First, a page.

and another whose back faced us,
so we had no idea who he was.
Only after they paid their bill
and the man across the table from Barbara
was helped to his wheelchair
did we realize he was the
former president George H. W. Bush.
Surrounded by brawny secret service detail
they stopped at our table,
shook hands, and graciously
posed for photos with us.
Politics has nothing to do with it
He was our president from 1988 to 1992
and I respect that.
And I have a photo to prove it.

Saturday, May 26, 2012

My darling great niece and nephew

While we were traveling the past three weeks we visited our darling great niece and nephew in Virginia. I cannot help myself from bragging.

 Anna with her new book

 Ian listening to his bedtime story

 Clowning around

 With their mom

And with great Uncle Bob

Thursday, May 24, 2012

Aging Goddesses

I think it makes sense to post a poem about age, having just celebrated a birthday. This is one of a series I wrote for The Emerging Goddess, to accompany Paul Blieden's beautiful photography.

Aging Goddesses

The crones – our mothers, grandmothers,
aunts, old friends, and teachers –
walk arm in arm in pairs
each one supporting the other  
on the old cobble-stoned streets.
They are squat, stout
with veiny legs and thick ankles,
their bare feet in flat sandals
showing jagged toenails
or clothed in thick hose
and wide oxfords.
Some move slowly
barely able to walk,
clutching each other for support.
They are perfectly coifed.
Their hair short and bleached
hides their age
but not too much.
They wear suits
with skirts always below their knees.
Jeans just don’t do.
They talk as they walk
closely together.
Almost in a whisper
they solve the world’s problems,
impart their age-old wisdom
or decide what they’ll cook for dinner.
They wear their age
as an example.
Softly, simply, elegantly
they are our muse.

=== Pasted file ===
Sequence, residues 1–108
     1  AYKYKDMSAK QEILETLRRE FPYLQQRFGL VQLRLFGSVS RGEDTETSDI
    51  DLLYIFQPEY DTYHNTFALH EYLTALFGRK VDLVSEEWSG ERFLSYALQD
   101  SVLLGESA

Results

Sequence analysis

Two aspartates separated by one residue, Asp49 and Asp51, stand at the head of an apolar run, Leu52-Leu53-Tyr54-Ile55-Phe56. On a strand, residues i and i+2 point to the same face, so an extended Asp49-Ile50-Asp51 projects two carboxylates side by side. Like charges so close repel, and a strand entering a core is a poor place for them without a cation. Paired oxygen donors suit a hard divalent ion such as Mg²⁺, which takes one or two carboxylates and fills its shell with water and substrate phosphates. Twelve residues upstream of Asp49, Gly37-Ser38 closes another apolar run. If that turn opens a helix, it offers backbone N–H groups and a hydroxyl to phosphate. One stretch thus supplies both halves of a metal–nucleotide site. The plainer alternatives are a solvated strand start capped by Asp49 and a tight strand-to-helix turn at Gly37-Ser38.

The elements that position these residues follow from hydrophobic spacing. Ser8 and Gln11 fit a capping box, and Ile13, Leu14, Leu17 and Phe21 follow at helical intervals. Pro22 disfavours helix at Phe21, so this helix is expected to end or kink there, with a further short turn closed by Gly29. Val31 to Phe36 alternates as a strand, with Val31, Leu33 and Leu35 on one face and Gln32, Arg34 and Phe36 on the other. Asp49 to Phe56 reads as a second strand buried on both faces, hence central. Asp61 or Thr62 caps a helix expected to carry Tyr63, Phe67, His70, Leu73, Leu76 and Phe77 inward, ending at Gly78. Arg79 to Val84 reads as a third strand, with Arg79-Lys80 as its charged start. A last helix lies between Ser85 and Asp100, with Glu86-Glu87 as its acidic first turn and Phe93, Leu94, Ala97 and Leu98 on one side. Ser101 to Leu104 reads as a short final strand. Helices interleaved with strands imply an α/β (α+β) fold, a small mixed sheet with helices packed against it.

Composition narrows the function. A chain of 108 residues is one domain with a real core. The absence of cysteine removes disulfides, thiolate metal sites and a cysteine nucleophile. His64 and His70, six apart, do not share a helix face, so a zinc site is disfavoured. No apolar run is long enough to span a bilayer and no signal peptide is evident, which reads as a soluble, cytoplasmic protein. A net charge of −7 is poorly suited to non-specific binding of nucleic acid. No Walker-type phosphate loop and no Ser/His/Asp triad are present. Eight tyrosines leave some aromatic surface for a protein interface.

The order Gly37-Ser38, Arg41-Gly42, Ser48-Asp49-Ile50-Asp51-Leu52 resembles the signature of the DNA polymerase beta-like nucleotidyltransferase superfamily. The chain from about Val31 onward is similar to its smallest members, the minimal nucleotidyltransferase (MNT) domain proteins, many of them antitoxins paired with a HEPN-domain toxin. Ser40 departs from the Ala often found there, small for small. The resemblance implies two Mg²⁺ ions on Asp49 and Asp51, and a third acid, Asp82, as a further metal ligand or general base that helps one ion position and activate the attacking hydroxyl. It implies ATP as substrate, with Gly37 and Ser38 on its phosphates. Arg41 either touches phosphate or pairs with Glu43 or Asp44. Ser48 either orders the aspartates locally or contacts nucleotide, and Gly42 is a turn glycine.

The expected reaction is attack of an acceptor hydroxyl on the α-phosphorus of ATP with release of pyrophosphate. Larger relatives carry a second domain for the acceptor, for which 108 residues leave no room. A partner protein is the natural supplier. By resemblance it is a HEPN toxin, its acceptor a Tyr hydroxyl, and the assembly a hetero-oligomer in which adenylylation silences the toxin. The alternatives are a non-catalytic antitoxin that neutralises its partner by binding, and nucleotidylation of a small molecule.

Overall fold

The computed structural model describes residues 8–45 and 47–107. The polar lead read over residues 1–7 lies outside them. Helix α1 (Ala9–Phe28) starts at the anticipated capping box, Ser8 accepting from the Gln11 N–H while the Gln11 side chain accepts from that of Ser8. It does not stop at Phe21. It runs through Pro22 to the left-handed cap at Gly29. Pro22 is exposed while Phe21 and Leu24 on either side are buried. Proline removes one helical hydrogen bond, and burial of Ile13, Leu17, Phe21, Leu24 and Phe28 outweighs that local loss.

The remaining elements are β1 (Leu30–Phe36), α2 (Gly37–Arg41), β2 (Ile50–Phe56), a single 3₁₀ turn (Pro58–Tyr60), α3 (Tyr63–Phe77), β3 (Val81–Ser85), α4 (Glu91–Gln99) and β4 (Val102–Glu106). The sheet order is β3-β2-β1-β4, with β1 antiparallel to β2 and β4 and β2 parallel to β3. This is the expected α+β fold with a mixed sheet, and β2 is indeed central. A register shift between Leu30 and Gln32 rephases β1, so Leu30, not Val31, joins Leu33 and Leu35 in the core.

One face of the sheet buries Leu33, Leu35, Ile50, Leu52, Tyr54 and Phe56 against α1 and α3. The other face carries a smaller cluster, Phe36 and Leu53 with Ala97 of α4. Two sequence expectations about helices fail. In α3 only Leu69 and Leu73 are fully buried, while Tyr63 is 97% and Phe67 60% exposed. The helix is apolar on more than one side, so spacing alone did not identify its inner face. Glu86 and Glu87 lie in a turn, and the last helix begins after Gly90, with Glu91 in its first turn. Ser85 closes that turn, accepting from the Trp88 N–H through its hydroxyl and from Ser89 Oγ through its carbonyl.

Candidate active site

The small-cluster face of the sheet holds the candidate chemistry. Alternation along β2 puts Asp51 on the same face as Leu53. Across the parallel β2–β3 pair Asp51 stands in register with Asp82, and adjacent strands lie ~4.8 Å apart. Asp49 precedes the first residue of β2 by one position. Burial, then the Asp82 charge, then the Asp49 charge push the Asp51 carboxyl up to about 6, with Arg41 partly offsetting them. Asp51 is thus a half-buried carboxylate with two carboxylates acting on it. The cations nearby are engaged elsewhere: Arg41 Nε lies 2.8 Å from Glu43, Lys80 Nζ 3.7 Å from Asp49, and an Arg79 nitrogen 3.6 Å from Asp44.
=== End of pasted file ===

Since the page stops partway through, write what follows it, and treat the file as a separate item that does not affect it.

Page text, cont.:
They don’t hide
but rejoice in their age
They thrive in their togetherness.
That’s what counts.
They aren’t alone as they walk
They walk together
as we follow behind.

Tuesday, May 22, 2012

Birthday post mortem or how I'm moving forward

Just about a year ago – on Mother’s Day and near my last birthday  – I achieved a huge goal. My memoir, Leaving the Hall Light On, A Mother’s Memoir of Living with her Son’s Bipolar Disorder and Surviving His Suicide, was published. In it I tell the steps I took in living with the loss of my son. First and foremost I chose to live and take care of myself as a woman, wife, mother, writer.

In hopes that my story will inspire others to find ways to survive their own tragic experiences, I’ve devoted most of this last year marketing my book. I have become increasingly more engaged in social networking, through Facebook, Twitter, LinkedIn, and Pinterest, I had a blog tour through Women on Writing (WOW), radio interviews, and many speaking and book signing engagements.
I’ve also embarked on a whole new writing career – writing for the Huffington Post That’s Fit and Healthy Living columns, the Naturally Savvy website as its over sixty expert, PsychAlive, a website that focuses on suicide prevention, and just recently contributing to Open to Hope, a wonderful site near and dear to me that looks to finding hope after loss.  
Since my publisher, Lucky Press, decided to cease doing business this past April 30, marketing my book has become more of a priority for me. But, what has been so encouraging is all the help and suggestions I’ve received from the relations I’ve made through my social networks. I never would have believed how close some of us have become.
Though I suspect that I’ll be involved in making next-step decisions for another couple of months at least – about going the self publishing route or continuing to try to find a traditional publisher to reissue my book – I know I will continue with the mission that has slowing and surely evolved through the years since my son died: erasing the stigma of mental illness and suicide in the hopes of saving lives.
I’ve also had a huge surprise this year. Little did I know that I’d become a published author, poet, and web journalist at this stage in my life. I’ve found that I’m definite proof at age 72 that it is never too late for opportunities to reinvent our lives.

Sunday, May 20, 2012

It's my birthday and I'm having a party

Today is my birthday and I love celebrating with you. Here are some of the beautiful gifts I've received.

Even the pups are throwing me a party

Wednesday, May 16, 2012

Magical Thinking – Does It Make Sense?

On May 10 the Journeys Through Grief newsletters published my article about magical thinking in the bereaved parent issue. I thought I'd reprint it here for those of you who might have missed it. Peggy Sweeney does a fantastic job of reaching out to those who grieve, and I'd like to get the word out any way I can. Here's the link to my article on the site and the Journeys Through Grief home page.